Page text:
Good Artists Copy; Great Artists Steal [Opinion]

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iOS 7 Lock Screen

On Monday, Apple revealed the latest version of iOS to the press and developers at its annual World Wide Developers Conference. Apple showed off a lot of new features on iOS, many of which are iterations on ideas from other companies. Unsurprisingly, I saw a lot of people complaining on Twitter that Apple was claiming to reinvent everything and that they stole everything from Android. The truth is that they took ideas from Android, webOS, Windows Phone, and a handful of jailbreak tweaks and, most importantly, iterated on them. Apple didn’t claim to be reinventing anything (they’ve avoided that claim for years now); instead, Apple claimed to be iterating. iOS 7 really is the biggest change to iOS since the iPhone was released in 2007.


Influences and Theivery

I think iOS 7 looks like a balance between webOS and Microsoft’s design language (which I’ll call Metro, like everyone else outside of Microsoft). It is not completely flat and squared off like Metro, the UI is not multitasking-based like webOS, and it doesn’t fit content into cards like Google Now (and Google+, the Play Store, Google Play Music, etc.). While Android fans have often complained about Apple stealing ideas from Android, this version of iOS seems to be devoid of influence from Google in terms of design.

In fact, if there is any clear influence in terms of design, it is clearly coming from Redmond, not Mountain View. Google’s emphasis on using cards to show content, a dark and bright color palette, and the free-form organization of content through cards give Android a very different design language. Android’s home screens and apps feel more like a messy desktop (that can be cleaned up) compared to iOS’ restrictions on how information and apps are displayed. Apple absolutely stole some ideas from Android (calling live wallpapers “dynamic” isn’t exactly innovating), but the majority of the changes made by Cupertino are clearly influenced by webOS and Windows Phone, not Android.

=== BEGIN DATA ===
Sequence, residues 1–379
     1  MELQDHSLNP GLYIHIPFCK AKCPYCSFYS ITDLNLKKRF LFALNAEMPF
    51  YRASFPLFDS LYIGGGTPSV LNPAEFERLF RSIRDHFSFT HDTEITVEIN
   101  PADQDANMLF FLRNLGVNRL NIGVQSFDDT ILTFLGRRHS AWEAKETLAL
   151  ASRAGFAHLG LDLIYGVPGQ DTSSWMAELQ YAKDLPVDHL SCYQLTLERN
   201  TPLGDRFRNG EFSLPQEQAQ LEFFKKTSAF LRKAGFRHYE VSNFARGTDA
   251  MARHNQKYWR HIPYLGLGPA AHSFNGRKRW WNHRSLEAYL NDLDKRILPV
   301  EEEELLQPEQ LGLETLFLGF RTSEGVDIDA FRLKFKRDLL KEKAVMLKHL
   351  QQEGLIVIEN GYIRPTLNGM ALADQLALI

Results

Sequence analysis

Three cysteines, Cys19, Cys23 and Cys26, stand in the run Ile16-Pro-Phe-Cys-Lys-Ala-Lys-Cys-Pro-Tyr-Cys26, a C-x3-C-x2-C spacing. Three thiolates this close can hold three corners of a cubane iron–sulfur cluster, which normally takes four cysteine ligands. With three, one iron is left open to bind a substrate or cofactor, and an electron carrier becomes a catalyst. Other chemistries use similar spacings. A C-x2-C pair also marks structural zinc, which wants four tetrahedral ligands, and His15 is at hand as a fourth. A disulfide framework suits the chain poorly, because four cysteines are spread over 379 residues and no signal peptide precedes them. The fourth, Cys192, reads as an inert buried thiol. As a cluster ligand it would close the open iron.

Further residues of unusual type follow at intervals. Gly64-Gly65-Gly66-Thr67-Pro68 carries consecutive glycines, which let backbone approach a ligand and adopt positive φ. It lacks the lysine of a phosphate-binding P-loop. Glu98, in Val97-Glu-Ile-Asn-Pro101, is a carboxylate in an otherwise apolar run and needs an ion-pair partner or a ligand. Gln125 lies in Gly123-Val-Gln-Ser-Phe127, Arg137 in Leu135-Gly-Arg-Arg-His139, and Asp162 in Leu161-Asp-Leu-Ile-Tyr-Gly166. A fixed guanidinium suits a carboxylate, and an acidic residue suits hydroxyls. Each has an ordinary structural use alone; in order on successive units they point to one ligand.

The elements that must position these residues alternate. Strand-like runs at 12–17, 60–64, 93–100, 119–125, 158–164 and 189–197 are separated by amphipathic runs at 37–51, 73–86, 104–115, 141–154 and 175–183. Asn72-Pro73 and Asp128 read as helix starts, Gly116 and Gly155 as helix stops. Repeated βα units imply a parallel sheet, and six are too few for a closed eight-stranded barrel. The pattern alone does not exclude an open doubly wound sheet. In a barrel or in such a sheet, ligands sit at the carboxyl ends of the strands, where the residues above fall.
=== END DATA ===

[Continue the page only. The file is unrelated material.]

To see this clearly, look at the lock screens on webOS, Windows Phone, Android, and iOS. On the lock screen, largest similarities are from webOS, especially with the way that notifications appear on the lock screen. Apple’s new version of multitasking in iOS 7 is even more blatant. Instead of doing half the work like Microsoft did with Windows Phone and instead of shrinking down the cards and swiping from the x-axis like Google did with Android, Apple straight up copied Palm’s implementation of multitasking and added app icons.

Safari Tabs

iOS 7 isn’t just influenced by webOS and Windows Phone, though; Android’s donations are clear in a number of areas. Notification Center is still, for all intents and purposes, a crummy version of the Notification Drawer in Android with a few cues from the Me tile in Windows Phone. AirDrop is essentially the same thing as Wifi Direct, DLNA or NFC sharing (sans the bumping). Quick Controls is similar to Quick Settings except it has a heavier emphasis on media and looks more like a messy jailbreak tweak that Ive’s team mocked up in Photoshop for 10 minutes and then coded the night before WWDC. Tabs in Safari is a complete rip off of tabs in Chrome (although I will say that Apple’s version of it makes differentiating between tabs much, much cleaner).


Layers Beneath the Glass